Yukon parents vote on proposed First Nations school board – National


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Parents in eight Yukon schools are voting on a proposal that could put control of their children’s education in the hands of the territory’s Indigenous bands, the result of an effort that an official says began nearly 50 years old.

Parents vote on proposal to create a First Nations school board with the power to hire staff, review and modify school plans and request that an education program be offered in a language native.

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Melanie Bennett, executive director of the First Nations Education Branch, said the pressure to establish a First Nations school board in the territory dates back to 1973.

Bennett, who is from the Tr’ondek Hwech’in First Nation of Dawson City, said the council would offer a chance to improve a system that left Indigenous children behind and provide education from an Indigenous perspective and not native.

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“This is a model of reconciliation and in order to do that you have to provide a platform where both worldviews are recognized,” she said.

The branch is an independent body created in 2020 to help First Nations take more control over education.

The school board would be unique because it would involve multiple First Nations across the land instead of a single band on a reserve taking responsibility for education, Bennett added.


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A framework agreement for the proposed school board was signed in June between the Department of Education and 10 of the 14 Yukon First Nations. It aimed to improve the education of Indigenous students and provide them with a culturally appropriate education.

Approximately 23% of the territory’s public school students in 2018-19 identified themselves as Yukon First Nations.

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In a 2019 report, the territory’s auditor general said Indigenous children routinely lack educational supports to help them succeed in school and graduate. The Yukon has also failed to adequately reflect First Nations culture and languages ​​in the classroom, according to the report.

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An Indigenous school board would go a long way in resolving these issues, Bennett said.

“You need to tackle the racism of low expectations that occurs with Indigenous students,” she said, adding that research has found that 80% of Indigenous children in kindergarten need extra help with their education. homework.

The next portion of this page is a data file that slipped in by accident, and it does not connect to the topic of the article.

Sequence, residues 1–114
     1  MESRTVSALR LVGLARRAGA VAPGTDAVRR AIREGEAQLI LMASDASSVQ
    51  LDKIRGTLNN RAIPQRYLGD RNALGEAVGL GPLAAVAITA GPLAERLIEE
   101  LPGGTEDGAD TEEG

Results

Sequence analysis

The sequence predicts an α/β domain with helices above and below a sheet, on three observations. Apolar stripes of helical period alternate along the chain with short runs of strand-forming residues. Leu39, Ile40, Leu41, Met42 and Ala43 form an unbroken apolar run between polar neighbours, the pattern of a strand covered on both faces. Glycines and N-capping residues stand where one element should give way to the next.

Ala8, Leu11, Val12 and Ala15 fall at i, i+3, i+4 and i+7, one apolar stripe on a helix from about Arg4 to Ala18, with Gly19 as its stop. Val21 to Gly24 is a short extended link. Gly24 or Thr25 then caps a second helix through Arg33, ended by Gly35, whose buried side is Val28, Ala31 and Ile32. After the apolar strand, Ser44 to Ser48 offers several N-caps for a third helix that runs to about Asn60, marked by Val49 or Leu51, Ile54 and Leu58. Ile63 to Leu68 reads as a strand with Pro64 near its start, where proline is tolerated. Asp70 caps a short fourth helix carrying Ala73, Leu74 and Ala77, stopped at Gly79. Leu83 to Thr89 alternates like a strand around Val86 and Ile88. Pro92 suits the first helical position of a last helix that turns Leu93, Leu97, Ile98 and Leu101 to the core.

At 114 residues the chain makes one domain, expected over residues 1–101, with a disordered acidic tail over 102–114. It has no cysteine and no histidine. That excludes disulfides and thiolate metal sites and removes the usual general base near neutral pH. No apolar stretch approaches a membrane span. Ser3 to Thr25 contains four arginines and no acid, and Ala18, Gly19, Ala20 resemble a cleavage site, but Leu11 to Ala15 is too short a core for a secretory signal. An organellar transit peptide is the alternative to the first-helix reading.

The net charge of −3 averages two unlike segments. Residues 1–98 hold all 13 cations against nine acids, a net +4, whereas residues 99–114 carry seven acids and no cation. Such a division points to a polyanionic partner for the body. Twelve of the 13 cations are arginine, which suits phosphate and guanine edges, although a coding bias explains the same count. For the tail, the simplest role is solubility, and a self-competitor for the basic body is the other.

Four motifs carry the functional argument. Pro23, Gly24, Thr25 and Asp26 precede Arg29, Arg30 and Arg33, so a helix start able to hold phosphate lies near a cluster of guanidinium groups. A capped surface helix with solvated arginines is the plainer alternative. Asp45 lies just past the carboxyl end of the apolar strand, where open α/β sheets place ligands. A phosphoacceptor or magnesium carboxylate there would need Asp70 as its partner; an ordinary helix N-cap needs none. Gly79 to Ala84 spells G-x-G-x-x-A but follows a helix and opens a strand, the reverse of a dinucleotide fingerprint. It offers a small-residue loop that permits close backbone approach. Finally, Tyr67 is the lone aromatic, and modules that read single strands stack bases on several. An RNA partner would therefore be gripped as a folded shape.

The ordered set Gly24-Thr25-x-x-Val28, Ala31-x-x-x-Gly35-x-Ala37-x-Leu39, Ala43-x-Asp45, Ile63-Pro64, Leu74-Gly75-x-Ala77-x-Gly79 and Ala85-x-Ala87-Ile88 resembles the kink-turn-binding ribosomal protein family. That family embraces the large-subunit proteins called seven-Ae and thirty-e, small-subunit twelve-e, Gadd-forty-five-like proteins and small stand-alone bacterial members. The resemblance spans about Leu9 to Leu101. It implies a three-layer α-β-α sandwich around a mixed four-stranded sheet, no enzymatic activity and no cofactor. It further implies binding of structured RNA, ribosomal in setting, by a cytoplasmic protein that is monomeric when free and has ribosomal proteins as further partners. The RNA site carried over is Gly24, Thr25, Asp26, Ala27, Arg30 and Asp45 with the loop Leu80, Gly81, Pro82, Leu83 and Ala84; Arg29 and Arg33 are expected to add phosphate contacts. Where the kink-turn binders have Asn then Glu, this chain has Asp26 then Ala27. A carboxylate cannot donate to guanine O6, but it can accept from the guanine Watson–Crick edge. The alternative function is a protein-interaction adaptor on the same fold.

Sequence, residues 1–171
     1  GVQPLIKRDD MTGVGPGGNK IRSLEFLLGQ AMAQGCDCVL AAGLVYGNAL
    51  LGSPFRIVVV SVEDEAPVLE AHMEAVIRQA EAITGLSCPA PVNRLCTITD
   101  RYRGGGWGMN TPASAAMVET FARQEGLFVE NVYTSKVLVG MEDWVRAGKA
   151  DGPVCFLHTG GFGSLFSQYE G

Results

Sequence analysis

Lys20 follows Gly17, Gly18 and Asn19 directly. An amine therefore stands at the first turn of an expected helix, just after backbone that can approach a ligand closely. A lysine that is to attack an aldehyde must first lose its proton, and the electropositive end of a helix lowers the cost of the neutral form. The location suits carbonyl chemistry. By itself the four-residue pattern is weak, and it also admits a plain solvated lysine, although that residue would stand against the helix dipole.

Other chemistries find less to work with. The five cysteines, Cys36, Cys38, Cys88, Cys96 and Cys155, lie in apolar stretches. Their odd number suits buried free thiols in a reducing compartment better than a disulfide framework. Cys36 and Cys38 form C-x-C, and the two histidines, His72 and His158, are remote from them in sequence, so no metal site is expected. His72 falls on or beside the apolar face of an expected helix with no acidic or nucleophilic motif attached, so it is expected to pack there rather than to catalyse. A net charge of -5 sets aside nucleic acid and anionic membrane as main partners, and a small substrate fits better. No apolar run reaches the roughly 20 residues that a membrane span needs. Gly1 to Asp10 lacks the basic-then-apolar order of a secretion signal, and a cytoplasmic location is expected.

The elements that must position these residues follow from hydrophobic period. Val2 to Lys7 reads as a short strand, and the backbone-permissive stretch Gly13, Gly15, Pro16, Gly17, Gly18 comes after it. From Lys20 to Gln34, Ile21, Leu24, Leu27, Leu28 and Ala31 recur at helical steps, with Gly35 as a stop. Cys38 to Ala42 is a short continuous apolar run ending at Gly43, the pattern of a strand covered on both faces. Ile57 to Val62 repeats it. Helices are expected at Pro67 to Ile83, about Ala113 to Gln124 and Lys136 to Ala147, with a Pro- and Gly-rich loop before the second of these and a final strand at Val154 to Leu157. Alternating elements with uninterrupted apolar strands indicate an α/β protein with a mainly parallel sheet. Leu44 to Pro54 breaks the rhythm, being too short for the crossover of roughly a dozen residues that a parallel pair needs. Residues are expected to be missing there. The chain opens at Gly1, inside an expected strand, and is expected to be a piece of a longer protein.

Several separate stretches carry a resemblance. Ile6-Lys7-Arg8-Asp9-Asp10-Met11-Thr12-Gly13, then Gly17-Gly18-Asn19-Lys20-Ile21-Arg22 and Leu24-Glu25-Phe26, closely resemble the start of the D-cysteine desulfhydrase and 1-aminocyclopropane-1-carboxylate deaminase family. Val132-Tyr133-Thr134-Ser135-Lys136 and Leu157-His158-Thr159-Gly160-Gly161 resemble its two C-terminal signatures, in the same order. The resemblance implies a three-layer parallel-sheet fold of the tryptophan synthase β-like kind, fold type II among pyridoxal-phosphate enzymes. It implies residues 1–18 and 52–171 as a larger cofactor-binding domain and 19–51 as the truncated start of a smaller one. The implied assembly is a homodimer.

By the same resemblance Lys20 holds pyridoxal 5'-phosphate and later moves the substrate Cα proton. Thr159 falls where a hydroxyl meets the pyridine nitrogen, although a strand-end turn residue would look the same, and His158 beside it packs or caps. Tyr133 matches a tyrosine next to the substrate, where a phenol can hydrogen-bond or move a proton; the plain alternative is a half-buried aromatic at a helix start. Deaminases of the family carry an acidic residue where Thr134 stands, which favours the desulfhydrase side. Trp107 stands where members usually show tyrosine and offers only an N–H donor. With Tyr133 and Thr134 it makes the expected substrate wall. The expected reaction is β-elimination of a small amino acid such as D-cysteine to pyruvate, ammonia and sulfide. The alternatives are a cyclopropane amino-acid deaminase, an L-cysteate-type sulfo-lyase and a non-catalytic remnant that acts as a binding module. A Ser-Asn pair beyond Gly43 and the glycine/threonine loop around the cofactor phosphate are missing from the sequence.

The eight schools will hold separate votes on whether or not to approve the creation of the board. If more than 50 percent of a school’s parents vote in favor, the board would run that school.

If approved, an election will be held in March for the five directors on the board. Schools run by the new board would not be exclusively for Indigenous students and any child could enroll.


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Vuntut Gwichin leader Dana Tizya-Tramm, who is also chairman of a chiefs committee on education, said the importance of the proposal cannot be underestimated.

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“This is an opportunity to allow innovation to break down the walls of pre-existing education systems,” he said. “It will not negatively affect non-native students. “

The committee was created a few years ago to improve the educational outcomes of aboriginal children and youth.

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Tizya-Tramm said the council would also help build common ground between Indigenous and non-Indigenous groups.

Lauren Wallingham, whose child attends one of the schools where the vote on the proposed board takes place, said she believes it would be beneficial for all students to have an Indigenous perspective taught.

“It’s going to be huge to have this incorporated in a real way, not just as an add-on,” she said.

Wallingham, who is Indigenous, was part of a group that called on parents to participate in the referendum at Takhini Elementary School in Whitehorse.

She said most of the parents she spoke to were open to a referendum after being explained by the school board.

The vote will run until Jan. 27, but whatever the outcome, Bennett said she hopes the process inspires others across the country.

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“At first, it’s extremely positive,” she said.

© 2022 The Canadian Press

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